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Why Nokia failed: 'Wasted 2,000 man years' on UIs that didn't work

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Design patterns were 'reverse engineered from code'

With the arrival of Apple and others, the world had moved on. Smartphone development had to be really, really simple. Android was Java, but not Java, while Palm's WebOS called for Javascript and HTML, and Windows Phone had a neat declarative language and bits of code - not too dissimilar from WebOS. So the Trolls came up with QML, a new declarative language with Javascript knitting things together. However, "not everyone was on board," Wilcox notes, and Symbian became a battleground between three competing teams. The Symbian veterans counter-attacked with an animated framework they called Hitchcock. This didn't use Qt, and was abandoned. The Linux team, beavering away on the long-term replacement for Symbian, devised one based on Gtk. This didn't use Qt either, and was also abandoned. The Symbian stalwarts regrouped, and devised a Symbian widget library called Orbit.

Orbit absorbed huge resources within the Nokia organisation, but was a mess from the start. Wilcox writes:

From the outside it seems there was no proper requirement spec for this new framework and the engineers were incompetent. Now by that I don't mean that they're incompetent engineers – far from it. They were incompetent at designing APIs for 3rd party developers (a very specialist engineering skill) and they were incompetent at designing UIs (which most engineers are, myself included). Unfortunately they were doing both, as evidenced by the code, and the comment of one Nokia designer at a Symbian Foundation meeting who was publicly cornered into revealing that the S^4 UI design patterns had been reverse engineered from the code.

Some Nokians refused to use it.

Orbit wasn't really portable beyond Symbian. Management didn't notice

The Linux team had been developing its own however: the framework called libdui, or Direct UI. Now there were two options.

This kind of internal competition was encouraged within Nokia, and enshrined into the "company constitution" in the 2004 restructure designed by then CEO Jorma Ollila. Perhaps taking Darwinian metaphors too literally, he hoped this would avoid the creation of a bureaucracy.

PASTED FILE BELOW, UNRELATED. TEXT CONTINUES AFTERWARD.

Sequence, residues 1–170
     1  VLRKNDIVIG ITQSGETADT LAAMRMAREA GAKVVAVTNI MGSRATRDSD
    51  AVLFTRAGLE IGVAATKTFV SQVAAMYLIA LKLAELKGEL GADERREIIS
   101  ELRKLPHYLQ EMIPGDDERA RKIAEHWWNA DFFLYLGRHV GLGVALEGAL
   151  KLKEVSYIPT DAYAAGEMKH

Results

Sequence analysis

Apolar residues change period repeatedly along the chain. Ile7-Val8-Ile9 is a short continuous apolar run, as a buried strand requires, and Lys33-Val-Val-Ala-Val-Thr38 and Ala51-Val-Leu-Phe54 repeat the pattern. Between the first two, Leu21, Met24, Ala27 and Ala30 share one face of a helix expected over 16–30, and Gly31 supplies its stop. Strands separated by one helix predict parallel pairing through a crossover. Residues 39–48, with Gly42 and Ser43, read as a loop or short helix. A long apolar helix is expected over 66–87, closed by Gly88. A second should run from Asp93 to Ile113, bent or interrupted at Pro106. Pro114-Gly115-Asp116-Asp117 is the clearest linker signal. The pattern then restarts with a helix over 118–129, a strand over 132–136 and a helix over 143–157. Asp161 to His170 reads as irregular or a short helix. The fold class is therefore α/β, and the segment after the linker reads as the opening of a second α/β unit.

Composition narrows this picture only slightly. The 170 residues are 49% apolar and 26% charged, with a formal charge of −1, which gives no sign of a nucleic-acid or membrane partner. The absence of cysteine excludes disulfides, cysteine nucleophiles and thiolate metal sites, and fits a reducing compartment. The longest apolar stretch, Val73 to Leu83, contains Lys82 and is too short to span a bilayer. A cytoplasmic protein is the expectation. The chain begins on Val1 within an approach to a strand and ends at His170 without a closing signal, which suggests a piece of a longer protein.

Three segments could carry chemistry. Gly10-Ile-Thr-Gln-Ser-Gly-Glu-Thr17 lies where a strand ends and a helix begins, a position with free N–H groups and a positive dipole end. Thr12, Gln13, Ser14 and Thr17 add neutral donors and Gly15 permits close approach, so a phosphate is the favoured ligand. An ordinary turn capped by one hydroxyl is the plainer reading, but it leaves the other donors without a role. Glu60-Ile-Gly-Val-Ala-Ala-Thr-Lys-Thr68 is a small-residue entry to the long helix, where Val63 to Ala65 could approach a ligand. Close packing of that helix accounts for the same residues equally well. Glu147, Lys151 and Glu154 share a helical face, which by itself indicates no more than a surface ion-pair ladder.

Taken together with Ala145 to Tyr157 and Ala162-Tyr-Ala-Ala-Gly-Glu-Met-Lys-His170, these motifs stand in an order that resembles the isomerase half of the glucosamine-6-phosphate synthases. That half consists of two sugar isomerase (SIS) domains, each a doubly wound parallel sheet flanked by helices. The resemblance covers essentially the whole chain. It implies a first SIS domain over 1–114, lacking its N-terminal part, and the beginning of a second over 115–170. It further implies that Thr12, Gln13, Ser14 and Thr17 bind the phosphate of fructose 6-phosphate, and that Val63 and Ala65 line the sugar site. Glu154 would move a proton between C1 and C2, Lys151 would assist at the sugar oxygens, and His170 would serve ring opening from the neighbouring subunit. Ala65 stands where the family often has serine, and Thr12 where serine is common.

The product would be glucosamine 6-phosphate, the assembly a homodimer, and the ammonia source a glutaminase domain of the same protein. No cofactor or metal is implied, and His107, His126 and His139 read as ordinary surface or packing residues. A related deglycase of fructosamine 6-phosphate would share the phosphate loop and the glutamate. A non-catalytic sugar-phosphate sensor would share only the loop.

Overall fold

Qt was supposed to unify development for Nokia devices, so source code should only be written once. But without adequate management, Nokia's engineers had gone off and created two incompatible UI APIs. Nokia was losing this vital source compatibility.

With management unaware of the implications, Nokia continued to support the two parallel UI projects. But "both teams had built the wrong thing", as Wilcox describes it. Loyal Nokia developers couldn't believe that Nokia was making the same mistake of fragmenting its APIs once again. In 2004 it had decided to fold three of its Symbian UI APIs into one – S60 – to rationalise development, a crucial decision we'll come back to in a later article.

"And here we are, five years down the road, and Nokia is making exactly the same mistake again," wrote an exasperated Sander van der Wal, a veteran Epoc developer. "I believe that 'flabbergasted' is a better description of my emotional state than 'anxious' ;-)"

Nokia didn't seem to have a grown-up in charge. When it finally got one - Sun's Rich Green was brought in as CTO last spring - he canned Orbit. (See our report Nokia ends cruel and unusual 'Symbian programming' practices). He also canned the Linux team's DirectUI effort. And while all this pointless competition and in-fighting was going on, nobody had set about modernising the Symbian UI. Nokia's product designers were left with a UX that was still almost as bad as its predecessor.

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